Brand funnel phases:

Phase Data
1. Brand Presence Shows where you are present as a brand and therefore visible, e.g. ‘social reach’.
2. Brand Interest Displays data that shows that people are interested in your brand, e.g. ‘newsletter click-through rates’.
3. Brand Appreciation Shows how people appreciate your brand, e.g. ‘service satisfaction’.
4. Brand Loyalty Shows peoples loyalty to your brand, e.g. ‘number of social media subscribers’.
5. Brand Engagement Shows how your brand is being promoted by others, e.g. ‘number of content shares’.


Tip 4: Share brand performance data with the board and others

Sharing is caring. When people are aware of the brand performance, they will pay more attention to the brand. You can share your brand KPIs and results with the board and the rest of the organisation. You could give relevant stakeholders login credentials so they can view the dashboard at any time. Maybe the senior management team will not really take a look, but my advice is: make access to the data as easy as possible for them.

"Do you want to encourage your organisation to enhance brand performance? Make your brand KPIs and results available to the organisation in a central place."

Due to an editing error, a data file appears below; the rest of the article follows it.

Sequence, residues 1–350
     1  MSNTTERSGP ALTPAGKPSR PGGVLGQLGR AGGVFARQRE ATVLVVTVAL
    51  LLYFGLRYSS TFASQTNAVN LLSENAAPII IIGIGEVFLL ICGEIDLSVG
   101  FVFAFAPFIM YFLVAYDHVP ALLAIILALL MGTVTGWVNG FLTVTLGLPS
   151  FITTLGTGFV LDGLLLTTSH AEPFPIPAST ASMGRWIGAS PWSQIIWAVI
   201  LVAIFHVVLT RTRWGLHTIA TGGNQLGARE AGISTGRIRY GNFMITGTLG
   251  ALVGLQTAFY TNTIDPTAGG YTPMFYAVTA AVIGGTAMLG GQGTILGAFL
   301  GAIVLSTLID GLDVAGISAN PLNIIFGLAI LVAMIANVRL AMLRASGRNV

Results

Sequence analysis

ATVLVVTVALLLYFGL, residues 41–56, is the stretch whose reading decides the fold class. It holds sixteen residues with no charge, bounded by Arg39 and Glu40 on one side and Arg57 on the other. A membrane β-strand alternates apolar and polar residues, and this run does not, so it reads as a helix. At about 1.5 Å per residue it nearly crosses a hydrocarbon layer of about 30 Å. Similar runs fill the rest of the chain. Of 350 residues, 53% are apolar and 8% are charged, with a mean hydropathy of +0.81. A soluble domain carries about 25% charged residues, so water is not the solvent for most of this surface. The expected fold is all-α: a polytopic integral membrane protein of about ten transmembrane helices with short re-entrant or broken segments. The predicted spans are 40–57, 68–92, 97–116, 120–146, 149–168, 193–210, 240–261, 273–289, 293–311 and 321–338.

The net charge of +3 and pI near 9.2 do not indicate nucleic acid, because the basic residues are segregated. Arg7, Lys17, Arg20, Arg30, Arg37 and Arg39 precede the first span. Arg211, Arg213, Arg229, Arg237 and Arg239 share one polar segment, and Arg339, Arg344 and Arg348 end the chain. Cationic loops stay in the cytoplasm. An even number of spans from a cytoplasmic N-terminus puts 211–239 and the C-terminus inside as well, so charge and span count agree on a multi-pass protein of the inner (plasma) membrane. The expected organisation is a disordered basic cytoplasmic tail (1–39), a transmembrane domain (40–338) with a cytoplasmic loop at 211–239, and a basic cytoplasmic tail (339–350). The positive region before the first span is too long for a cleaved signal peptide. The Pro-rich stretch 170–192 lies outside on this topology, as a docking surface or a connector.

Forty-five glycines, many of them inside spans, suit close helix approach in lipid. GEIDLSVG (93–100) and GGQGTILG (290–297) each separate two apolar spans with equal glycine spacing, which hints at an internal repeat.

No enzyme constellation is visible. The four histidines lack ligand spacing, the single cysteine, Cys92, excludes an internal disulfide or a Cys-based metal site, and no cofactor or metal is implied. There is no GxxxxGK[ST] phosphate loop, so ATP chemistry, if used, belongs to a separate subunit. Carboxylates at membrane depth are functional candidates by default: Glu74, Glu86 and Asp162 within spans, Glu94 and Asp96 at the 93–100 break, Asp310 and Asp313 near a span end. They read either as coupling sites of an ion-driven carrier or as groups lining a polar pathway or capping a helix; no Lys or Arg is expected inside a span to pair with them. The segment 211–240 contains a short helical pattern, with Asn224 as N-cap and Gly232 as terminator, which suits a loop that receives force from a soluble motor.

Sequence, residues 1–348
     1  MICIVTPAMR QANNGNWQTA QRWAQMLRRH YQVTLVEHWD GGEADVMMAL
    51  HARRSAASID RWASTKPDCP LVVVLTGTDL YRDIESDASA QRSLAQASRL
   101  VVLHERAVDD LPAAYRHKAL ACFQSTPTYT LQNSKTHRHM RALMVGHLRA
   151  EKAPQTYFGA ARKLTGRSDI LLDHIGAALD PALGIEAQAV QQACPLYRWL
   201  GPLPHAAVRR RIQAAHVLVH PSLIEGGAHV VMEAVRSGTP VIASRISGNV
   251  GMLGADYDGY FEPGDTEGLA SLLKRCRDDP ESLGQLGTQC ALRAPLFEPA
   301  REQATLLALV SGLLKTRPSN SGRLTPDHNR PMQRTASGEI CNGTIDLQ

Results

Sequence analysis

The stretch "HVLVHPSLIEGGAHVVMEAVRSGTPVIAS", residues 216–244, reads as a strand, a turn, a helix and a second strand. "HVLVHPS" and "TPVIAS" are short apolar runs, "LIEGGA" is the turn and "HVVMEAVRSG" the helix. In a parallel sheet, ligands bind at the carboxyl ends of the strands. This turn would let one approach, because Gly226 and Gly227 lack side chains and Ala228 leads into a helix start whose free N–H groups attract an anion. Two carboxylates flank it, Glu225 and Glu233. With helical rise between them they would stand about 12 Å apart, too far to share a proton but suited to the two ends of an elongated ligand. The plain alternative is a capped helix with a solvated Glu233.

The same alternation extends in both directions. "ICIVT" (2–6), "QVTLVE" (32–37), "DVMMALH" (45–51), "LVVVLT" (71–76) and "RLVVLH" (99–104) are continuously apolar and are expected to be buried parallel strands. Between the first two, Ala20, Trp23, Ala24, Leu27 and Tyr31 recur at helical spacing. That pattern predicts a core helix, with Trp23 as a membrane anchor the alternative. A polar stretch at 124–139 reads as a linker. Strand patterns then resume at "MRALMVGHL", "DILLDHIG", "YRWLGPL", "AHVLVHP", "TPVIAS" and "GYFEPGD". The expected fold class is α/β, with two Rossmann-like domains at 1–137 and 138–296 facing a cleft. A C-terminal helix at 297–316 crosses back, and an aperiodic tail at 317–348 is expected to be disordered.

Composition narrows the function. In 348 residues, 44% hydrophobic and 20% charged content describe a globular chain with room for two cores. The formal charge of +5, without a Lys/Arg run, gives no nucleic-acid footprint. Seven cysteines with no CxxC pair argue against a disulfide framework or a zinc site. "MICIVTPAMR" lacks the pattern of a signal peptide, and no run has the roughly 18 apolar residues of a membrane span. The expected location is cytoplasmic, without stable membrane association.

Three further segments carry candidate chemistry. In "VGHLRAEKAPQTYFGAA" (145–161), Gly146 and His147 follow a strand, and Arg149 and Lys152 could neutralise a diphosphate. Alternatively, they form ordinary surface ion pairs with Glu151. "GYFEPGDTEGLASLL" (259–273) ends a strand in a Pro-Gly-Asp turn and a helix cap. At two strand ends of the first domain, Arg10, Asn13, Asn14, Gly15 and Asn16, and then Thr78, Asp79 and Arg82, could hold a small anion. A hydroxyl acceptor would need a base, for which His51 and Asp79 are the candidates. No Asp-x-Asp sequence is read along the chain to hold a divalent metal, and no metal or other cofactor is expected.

Dashboard tools make it possible to automatically share specific data insights every week or month via email to a select group of people. Share the brand results with top management at a regular frequency, for example, in the monthly marketing and communications update. Do you want to encourage your organisation to enhance brand performance? Make your brand KPIs and results available to the organisation in a central place. Do this by embedding the dashboard in your intranet or create an special smartphone app for internal use.

Tip 5: Make sure your brand gets attention on a continuous basis

Brand management is a continuous activity. It’s not a project, but a process. Ensure brand improvement has continuous focus. This can be achieved in several ways:
Frequently check if new metrics are available for the brand dashboard to further improve data and KPI relevance and reliability.

  • Keep the brand on the board agenda by discussing the brand funnel scores every month.
  • Make sure someone (on the board or senior management) has final authority or feels responsible for the brand.
  • Make brand KPI and brand performance data available in a central location where everyone in the organisation can see it.

Your brand is not static. The world is changing and to keep your brand up-to-date it needs continuous investment. If you can prove to the board the importance of the brand and its value to the organisation, you have taken the first important step. After that, it will be easier to get funding for your brand activities. And, maybe just as important, it is more likely that senior management will become brand ambassadors and support and lead by example in your organisation. Both are needed to make your brand a success, now and in the future.